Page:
For those living in certain recycling-forward states, there areset bottle deposit laws in place. While drinking from a bottle may cost an extra $.05 up front, there’s an opportunity to cash in once its contents are emptied. This also means finding empty plastic bottles is like finding a group of lost nickels, just waiting for a new owner. However, for the citizens of Massachusetts, not all bottles are included within the law. Most noticeably, water bottles under 24 ounces are omitted from repayment.
The lack of inclusion, however, has greatly reduced the number of water bottles that are recycled within the state. Instead, said senator Cynthia Creem, the bottles are littered and left to pollute public areas such as parks and lakes. Creem’s solution to the problem? Do away with the plastic water bottles altogether. Her ban, proposed just earlier this month, gives the state an ultimatum: include water bottles in the deposit laws, or outlaw them – ensuring that pollution levels with be reduced in either scenario.
Back in the 1970s, when Mass’s bottle deposit law was first introduced, plastic water bottles were not yet available. Under the law, certain definitions and specifications were given, excluding what would later be massed produced to distribute water. Since the popularization of small plastic bottles, several attempts have been made to try and change the law’s guidelines. However, none have been successful, leaving the original law still intact.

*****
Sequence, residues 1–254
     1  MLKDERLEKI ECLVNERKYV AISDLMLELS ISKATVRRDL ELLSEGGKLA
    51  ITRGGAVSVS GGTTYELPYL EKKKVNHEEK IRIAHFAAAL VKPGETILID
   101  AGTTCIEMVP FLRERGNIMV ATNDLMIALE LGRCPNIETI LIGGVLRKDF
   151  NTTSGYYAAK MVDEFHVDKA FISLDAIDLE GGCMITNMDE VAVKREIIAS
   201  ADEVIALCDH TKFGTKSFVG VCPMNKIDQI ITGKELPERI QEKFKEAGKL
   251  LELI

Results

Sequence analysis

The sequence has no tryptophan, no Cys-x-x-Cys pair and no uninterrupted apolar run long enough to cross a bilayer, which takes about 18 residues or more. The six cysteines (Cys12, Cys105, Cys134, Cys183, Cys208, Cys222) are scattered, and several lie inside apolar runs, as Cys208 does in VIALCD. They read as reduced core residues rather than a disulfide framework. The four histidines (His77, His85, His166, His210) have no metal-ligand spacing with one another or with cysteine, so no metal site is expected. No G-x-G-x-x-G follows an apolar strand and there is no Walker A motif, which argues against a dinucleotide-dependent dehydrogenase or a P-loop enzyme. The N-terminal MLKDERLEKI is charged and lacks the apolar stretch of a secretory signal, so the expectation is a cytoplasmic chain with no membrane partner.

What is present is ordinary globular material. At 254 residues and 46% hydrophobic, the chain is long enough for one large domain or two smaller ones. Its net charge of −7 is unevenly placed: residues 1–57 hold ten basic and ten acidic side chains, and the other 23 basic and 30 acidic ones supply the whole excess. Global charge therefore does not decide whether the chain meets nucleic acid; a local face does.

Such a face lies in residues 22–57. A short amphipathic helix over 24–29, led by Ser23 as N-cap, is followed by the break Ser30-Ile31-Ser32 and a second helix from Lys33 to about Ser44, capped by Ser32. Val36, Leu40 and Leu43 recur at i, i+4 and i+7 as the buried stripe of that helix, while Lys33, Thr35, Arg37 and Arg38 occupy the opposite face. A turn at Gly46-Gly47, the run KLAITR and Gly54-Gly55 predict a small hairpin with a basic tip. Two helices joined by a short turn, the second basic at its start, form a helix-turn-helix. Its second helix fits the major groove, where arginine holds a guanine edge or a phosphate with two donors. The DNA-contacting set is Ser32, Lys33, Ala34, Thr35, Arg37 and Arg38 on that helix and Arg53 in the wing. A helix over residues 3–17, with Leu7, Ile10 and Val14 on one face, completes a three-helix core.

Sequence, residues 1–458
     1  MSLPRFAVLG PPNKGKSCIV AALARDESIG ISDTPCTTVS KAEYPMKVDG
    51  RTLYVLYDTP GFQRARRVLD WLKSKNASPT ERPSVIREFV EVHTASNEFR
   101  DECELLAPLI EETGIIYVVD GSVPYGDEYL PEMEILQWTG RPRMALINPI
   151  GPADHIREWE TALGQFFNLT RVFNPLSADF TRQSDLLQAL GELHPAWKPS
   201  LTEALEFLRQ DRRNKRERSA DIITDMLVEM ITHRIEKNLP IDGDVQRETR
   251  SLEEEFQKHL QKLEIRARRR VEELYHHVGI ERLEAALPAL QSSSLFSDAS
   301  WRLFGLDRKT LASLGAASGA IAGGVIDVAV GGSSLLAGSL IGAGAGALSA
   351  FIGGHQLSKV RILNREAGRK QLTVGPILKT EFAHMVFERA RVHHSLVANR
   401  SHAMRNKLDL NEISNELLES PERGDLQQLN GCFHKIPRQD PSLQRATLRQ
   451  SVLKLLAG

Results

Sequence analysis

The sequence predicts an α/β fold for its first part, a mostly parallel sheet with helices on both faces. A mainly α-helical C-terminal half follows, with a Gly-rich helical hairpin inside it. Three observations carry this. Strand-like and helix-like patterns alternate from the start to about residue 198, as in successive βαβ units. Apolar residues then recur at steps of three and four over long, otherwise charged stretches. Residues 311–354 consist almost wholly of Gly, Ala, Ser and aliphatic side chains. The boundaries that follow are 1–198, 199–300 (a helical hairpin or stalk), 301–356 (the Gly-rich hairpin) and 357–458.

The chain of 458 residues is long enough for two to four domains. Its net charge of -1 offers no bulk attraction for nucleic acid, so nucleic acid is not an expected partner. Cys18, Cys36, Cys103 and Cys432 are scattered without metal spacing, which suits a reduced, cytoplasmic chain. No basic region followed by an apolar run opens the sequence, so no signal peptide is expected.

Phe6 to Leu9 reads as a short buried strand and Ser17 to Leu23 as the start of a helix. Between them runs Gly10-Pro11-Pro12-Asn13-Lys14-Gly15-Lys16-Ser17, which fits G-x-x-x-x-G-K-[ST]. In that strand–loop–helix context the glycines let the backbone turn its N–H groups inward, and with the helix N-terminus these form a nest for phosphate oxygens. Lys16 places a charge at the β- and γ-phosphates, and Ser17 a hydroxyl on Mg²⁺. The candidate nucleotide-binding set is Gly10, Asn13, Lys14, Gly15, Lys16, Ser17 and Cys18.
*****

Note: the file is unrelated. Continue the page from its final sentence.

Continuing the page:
According to Creem, the numbers are adding up; one-third of all bottles solid in the state are withheld from deposit regulations. Of these bottles, only 22 percent see the inside of a recycling plant. As for bottles that are included in the deposit return, 80 percent are recycled.
Whether or not her law is passed, Creem said it’s important to bring attention to the matter, helping to eliminate the amount of waste consumers use each year.
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